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Say I have a generic method in C# that accepts two values of type T:

public void M<T>(T a, T b)
{
    ...
}

Inside body of M() I wish to compare both input values for equality. Since I don't know anything about their run-time types except that they are the same type, I could do this using the object.Equals() static method and let it choose the best way:

public void M<T>(T a, T b)
{
    if (object.Equals(a, b))
    {
        ...
    }
    else
    {
        ...
    }
}

The problem I see here is needless boxing of the two values when T isn't a reference type. I would like to avoid that penalty, because M() is called very frequently.

My question is: is there a better way to go about this? I'm obviously interested in a solution that wouldn't involve too much analysis of T up front, which would offset gains from boxing evasion.

TIA.

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1  
possible duplicate of c# compare two generic values –  Ed S. Jul 4 '11 at 11:03

1 Answer 1

up vote 7 down vote accepted
if(EqualityComparer<T>.Default.Equals(a,b))
{...}

this uses IEquatable<T> when available to avoid boxing, and handles value-types, reference-types, and "lifted" usage against Nullable<T> to avoid boxing in almost all scenarios.

When IEquatable<T> is not available, it must defer to object.Equals, so boxing of value-types may occur.

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Perfect! I knew about this class, but wasn't really able to connect the dots since I rarely use it in my own code. Thanks, Marc! –  aoven Jul 4 '11 at 11:07
    
I think I just found boxing still happens with IEquatable<> valuetypes on mono (trunk); I added a comment to JbEvain's latest commit there to ask his opinion (I only spent a few minutes looking at monodis output here) –  sehe Jul 4 '11 at 12:30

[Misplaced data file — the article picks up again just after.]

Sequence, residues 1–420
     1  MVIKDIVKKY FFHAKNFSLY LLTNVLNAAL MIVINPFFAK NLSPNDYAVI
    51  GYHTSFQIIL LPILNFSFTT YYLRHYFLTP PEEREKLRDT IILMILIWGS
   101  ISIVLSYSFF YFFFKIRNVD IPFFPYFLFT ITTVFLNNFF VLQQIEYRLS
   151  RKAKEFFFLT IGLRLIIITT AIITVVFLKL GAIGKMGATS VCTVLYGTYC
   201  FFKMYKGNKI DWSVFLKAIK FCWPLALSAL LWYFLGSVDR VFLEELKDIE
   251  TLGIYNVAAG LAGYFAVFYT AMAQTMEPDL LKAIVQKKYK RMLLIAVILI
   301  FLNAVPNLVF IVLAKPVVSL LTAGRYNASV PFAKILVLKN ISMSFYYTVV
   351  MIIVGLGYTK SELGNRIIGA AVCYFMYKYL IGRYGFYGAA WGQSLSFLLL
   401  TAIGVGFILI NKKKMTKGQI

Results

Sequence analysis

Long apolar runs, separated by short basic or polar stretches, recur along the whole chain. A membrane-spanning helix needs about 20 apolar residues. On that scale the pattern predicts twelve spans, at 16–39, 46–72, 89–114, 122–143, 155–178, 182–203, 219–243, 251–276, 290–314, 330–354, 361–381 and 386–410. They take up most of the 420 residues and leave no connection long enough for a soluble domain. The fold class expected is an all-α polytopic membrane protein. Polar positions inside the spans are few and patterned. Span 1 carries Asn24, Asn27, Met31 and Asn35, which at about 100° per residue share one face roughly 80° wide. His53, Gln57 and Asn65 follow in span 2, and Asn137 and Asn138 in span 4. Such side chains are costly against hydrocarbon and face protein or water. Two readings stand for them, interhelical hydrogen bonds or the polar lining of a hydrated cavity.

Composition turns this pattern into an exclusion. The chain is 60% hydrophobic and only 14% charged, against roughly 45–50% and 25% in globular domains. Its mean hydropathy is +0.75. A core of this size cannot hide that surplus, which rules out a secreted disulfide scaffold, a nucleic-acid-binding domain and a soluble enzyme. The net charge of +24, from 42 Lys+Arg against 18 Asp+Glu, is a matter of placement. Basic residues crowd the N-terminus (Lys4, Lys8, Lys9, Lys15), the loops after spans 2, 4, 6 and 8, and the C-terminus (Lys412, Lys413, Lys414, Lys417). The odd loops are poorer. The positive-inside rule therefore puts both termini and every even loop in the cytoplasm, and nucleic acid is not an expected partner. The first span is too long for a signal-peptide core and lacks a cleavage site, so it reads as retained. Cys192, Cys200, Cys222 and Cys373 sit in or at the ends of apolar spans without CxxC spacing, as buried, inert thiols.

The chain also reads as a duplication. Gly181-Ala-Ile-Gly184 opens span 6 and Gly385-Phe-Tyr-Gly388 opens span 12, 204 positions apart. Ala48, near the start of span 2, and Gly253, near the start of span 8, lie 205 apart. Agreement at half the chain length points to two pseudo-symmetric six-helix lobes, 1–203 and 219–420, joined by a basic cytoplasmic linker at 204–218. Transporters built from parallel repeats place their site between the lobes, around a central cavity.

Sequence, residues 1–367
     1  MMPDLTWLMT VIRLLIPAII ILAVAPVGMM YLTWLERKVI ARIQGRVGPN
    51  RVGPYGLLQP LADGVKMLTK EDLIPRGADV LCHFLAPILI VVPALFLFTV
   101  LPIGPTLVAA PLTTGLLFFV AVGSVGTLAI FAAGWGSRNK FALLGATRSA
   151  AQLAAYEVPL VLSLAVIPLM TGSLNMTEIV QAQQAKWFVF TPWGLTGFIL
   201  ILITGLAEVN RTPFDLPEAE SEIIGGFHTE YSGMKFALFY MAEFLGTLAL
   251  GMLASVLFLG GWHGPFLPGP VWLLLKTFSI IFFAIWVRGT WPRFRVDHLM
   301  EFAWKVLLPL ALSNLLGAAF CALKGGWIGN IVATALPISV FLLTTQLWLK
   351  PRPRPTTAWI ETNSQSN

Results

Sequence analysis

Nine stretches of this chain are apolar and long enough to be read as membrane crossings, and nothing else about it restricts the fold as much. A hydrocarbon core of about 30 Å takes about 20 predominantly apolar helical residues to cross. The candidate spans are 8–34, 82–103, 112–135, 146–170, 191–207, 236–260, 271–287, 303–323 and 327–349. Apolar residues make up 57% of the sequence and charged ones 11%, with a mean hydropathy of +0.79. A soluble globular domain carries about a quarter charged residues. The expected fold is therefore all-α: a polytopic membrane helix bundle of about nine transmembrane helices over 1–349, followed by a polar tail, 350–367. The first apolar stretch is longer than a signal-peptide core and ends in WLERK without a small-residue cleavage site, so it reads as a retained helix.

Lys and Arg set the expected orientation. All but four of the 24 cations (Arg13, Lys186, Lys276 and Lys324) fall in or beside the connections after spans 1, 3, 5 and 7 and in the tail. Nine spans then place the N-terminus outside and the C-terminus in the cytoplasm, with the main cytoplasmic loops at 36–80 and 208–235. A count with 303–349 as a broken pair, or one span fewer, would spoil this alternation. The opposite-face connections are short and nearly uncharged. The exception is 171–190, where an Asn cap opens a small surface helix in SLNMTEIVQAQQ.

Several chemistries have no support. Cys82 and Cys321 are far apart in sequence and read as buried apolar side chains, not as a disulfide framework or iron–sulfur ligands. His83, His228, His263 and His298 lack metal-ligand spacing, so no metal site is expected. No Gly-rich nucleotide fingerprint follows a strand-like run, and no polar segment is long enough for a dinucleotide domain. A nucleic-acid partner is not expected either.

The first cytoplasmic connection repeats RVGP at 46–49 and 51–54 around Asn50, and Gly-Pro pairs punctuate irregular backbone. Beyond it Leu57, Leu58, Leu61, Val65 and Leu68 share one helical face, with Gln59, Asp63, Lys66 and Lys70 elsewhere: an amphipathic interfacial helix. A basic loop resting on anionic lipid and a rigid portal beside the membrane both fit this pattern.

I would expect that running EqualityComparer<T>.Default once is usually going to take longer than using instance.Compare once, even in cases where the latter would require boxing. The advantage of using EqualityComparer<T>.Default comes if one can use it once and then use the returned method on hundreds or thousands of value-type instances. Note that only value types and sealed class types should implement IEquatable<T>; if I had my druthers, EqualityComparer<T>.Default would check for implementation of IDontUseEquatable and, for any class implementing it, use Object.Equals. –  supercat Sep 1 '11 at 20:07
    
@supercat the strategy per T is cached in a field, so once it has been used once, all subsequent uses of .Default are pretty quick. It doesn't have to do any thinking - just a deference... but yes, capturing the return value into a variable is even better. –  Marc Gravell Sep 1 '11 at 20:11
    
@Marc Gravell: Thanks for the info. BTW, do you agree that inheritable types shouldn't implement IEquatable<T>? –  supercat Sep 1 '11 at 20:54

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